Visitors enter through the Great Hall of News, where the day’s headlines rush by on an electronic zipper. After that prologue, the main narrative begins on the concourse level with an orientation film, What’s News, an elegant montage of still photos and video whose themes are taken up later in the Early News Gallery. After a quick look at a satellite truck and an exhibition on the Berlin Wall—which credits the free flow of information for the wall’s demise—visitors proceed to the sixth floor and work their way downstairs and forward in time.

Along the way, they’ll encounter another Appelbaum signature: the large, emotionally charged artifact. Besides graffiti-covered sections of the Berlin Wall, the museum boasts an armored Chevrolet truck pocked by bullets and shrapnel from fighting in the Balkans, and the twisted wreckage of a television antenna salvaged from the North Tower of the World Trade Center. In the World News Gallery, the laptop and passport of Wall Street Journal correspondent Daniel Pearl, kidnapped and slain while reporting on terrorism in Pakistan, will no doubt provoke a shiver or two.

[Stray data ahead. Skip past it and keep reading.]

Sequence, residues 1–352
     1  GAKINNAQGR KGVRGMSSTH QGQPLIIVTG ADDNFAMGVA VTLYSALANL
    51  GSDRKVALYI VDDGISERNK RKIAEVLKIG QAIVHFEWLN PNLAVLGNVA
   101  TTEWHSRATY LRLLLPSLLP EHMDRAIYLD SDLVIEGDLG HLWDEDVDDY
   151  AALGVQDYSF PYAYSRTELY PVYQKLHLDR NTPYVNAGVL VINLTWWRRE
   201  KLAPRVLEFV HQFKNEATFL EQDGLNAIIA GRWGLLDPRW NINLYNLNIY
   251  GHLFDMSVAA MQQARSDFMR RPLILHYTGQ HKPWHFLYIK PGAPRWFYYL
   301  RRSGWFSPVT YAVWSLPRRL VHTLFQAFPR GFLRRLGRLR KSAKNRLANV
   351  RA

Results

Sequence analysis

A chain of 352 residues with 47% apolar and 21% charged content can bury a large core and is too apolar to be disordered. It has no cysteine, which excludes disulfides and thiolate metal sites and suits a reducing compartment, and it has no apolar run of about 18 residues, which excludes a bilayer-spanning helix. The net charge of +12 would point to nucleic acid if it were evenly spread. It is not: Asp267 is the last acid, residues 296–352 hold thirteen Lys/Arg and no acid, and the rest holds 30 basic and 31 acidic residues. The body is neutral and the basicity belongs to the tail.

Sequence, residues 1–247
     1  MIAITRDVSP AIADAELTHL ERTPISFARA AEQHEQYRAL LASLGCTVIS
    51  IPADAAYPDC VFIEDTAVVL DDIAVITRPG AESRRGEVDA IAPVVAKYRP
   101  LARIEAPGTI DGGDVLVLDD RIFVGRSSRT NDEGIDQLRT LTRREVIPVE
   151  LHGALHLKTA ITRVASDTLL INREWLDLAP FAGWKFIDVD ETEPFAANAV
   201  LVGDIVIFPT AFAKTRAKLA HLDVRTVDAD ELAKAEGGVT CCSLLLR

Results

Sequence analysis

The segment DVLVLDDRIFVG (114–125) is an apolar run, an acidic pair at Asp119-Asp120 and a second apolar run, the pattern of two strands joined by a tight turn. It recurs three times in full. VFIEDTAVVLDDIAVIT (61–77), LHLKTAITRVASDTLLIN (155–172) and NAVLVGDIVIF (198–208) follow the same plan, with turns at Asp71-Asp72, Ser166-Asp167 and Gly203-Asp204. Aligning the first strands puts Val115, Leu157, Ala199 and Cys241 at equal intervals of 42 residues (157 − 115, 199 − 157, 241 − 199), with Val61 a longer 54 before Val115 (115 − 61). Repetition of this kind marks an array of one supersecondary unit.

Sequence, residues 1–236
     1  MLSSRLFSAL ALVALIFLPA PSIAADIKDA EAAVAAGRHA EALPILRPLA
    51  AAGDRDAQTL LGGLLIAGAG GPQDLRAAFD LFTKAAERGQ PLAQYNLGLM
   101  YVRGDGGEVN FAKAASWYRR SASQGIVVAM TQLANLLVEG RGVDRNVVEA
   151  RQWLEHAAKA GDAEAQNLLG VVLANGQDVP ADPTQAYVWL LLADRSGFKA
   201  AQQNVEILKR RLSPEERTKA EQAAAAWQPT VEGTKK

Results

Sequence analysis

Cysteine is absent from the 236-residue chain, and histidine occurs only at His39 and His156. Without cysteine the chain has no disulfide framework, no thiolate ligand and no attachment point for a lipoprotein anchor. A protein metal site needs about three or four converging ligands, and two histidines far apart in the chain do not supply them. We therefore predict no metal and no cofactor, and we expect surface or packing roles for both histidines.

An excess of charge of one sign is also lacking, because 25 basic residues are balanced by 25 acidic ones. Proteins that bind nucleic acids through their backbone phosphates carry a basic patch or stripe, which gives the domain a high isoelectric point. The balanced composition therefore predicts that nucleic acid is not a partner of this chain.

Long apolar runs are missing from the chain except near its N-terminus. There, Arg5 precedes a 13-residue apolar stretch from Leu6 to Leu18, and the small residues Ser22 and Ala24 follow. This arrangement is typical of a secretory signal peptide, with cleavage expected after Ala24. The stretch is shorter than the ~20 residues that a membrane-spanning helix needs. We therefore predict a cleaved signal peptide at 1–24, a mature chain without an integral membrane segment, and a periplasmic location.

The Newseum’s collection includes more than six thousand other artifacts, exclusive of newspapers and photographs. Among those displayed are the door of the Democratic headquarters penetrated by burglars during the 1972 Watergate break-in, Ana Marie Cox’s sequined slippers (worn while she wrote her political blog Wonkette), and a trs-80 RadioShack computer, a primitive portable nicknamed the “Trash-80” that many of us toted to political conventions and national disasters in the 1980s. (By the time mine broke down, the warehouse no longer had replacement parts.)

The News History Gallery, a sort of museum-within-a-museum, is the home of many of these curiosities. At its center is a timeline of newspaper history, focusing mostly (but not exclusively) on the United States. The timeline is complemented by examples from the extraordinary collection of thirty thousand historic newspapers acquired in 2001 from Eric C. Caren and Stephen A. Goldman. Visitors must pull out drawers to see them, an old-fashioned sort of interactivity designed to shield these rarities from light.